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Pakistan brewer eyes Indian sales
May 14, 2003 20:29 IST
The lone brewery in Pakistan, which has tough curbs on alcohol, said on Tuesday it hopes peace moves with India could pave the way for sales to its neighbour where the beer market is far bigger.
"We look forward to it if relations improve," said M P Bhandara, managing director of Rawalpindi-based Murree Brewery Co Ltd and a member of a team of Pakistani lawmakers visiting India on a friendship mission.
New Delhi named a new ambassador to Pakistan on Tuesday, the latest step toward better ties between the nuclear-armed rivals which came close to war last year.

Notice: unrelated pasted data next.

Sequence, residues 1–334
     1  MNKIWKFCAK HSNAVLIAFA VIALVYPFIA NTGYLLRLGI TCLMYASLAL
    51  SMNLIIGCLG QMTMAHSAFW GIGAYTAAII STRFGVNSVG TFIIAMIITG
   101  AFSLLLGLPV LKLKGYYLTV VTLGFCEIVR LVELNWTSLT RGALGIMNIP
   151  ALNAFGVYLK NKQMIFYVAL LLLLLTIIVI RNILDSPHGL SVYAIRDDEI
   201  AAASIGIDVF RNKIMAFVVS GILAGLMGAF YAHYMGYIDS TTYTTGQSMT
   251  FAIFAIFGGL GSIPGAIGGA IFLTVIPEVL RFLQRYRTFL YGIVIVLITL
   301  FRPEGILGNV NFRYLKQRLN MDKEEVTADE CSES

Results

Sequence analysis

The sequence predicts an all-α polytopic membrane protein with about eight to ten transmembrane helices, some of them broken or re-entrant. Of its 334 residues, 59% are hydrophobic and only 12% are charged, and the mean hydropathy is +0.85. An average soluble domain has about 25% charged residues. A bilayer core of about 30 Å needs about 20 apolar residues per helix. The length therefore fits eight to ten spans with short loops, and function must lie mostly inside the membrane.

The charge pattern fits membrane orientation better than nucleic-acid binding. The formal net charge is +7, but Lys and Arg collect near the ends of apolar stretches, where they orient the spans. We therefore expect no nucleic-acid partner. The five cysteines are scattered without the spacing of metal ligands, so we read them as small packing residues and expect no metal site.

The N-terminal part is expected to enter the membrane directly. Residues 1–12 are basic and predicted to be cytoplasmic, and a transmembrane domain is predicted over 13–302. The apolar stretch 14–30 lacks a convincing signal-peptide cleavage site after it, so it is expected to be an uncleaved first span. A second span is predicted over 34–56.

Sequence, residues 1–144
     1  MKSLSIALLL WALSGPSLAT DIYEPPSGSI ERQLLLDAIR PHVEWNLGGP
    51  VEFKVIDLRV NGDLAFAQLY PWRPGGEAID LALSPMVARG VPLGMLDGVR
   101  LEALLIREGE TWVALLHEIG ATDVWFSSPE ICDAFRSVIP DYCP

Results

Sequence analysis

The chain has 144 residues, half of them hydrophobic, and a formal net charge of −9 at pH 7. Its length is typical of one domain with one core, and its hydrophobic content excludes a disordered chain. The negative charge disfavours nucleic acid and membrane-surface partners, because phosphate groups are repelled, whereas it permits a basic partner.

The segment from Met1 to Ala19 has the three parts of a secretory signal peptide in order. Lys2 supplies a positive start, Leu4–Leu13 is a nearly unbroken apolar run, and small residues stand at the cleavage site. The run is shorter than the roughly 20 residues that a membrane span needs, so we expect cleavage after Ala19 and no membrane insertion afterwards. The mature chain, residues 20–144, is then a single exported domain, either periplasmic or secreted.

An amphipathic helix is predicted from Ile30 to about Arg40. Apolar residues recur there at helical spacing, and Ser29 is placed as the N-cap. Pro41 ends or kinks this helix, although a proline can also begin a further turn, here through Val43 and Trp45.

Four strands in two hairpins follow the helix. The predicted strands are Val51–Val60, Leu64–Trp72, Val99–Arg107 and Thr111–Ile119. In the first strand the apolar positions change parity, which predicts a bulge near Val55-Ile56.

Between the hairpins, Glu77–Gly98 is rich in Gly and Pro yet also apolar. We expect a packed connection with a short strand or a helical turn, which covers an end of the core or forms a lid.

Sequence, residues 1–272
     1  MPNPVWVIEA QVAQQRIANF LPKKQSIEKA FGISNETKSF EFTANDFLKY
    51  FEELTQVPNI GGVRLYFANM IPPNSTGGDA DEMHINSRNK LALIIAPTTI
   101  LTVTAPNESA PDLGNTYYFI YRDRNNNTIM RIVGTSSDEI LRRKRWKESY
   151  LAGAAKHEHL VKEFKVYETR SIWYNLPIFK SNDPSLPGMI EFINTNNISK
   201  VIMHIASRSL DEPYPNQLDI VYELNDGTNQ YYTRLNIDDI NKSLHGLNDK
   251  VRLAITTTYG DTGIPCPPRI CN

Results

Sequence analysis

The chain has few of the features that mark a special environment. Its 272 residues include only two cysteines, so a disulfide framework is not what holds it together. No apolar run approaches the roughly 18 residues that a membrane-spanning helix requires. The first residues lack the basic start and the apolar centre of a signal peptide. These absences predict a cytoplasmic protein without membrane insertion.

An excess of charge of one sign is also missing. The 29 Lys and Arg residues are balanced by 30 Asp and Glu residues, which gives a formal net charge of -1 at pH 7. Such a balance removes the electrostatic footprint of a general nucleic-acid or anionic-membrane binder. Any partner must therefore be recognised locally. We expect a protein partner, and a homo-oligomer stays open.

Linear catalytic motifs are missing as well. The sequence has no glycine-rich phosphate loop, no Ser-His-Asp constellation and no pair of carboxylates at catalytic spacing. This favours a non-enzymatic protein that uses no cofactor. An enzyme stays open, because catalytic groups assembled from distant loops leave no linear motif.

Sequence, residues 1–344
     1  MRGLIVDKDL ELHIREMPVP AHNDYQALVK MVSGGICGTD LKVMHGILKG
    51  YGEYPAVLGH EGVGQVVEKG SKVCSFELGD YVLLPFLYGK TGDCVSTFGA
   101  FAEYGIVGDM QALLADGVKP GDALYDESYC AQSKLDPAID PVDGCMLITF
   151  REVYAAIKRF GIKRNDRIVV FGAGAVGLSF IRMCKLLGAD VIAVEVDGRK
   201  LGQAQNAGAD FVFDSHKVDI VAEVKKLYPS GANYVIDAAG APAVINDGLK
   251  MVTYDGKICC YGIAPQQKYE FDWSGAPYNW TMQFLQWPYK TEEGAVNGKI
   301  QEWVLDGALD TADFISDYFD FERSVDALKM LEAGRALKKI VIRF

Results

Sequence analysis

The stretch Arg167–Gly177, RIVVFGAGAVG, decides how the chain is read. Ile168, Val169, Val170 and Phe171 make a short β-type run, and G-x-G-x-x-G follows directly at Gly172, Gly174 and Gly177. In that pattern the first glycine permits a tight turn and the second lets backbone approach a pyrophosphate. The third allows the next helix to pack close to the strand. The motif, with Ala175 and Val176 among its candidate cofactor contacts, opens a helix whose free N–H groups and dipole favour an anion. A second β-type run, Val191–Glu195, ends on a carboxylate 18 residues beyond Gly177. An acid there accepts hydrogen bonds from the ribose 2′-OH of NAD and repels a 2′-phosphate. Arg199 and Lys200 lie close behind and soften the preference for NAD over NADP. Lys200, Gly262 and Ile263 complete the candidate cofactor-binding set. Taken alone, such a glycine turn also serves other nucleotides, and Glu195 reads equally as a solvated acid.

Alcohol consumption in Pakistan, where 97 per cent of the population is Muslim, is limited as alcohol can only be sold to non-Muslims and tourists. "Very few in Pakistan can legally drink," Bhandara told reporters in Kolkata on the sidelines of a business conference.
Official bilateral trade between India, which has more than one billion people, and Pakistan, whose population totals 146 million, stood at $204 million in the year to March 2002.
Economists say if the peace moves gain pace, Pakistan's economy would benefit through export access to its larger neighbour.
India consumes over 72 million cases of beer a year -- at least 20 times Murree Brewery's annual output -- though the country's 0.5 litre per capita consumption lags way behind China's 18 litres.
"What we make (at Murree brewery) in a year is what an average-sized German brewery makes in three days," Bhandara said.
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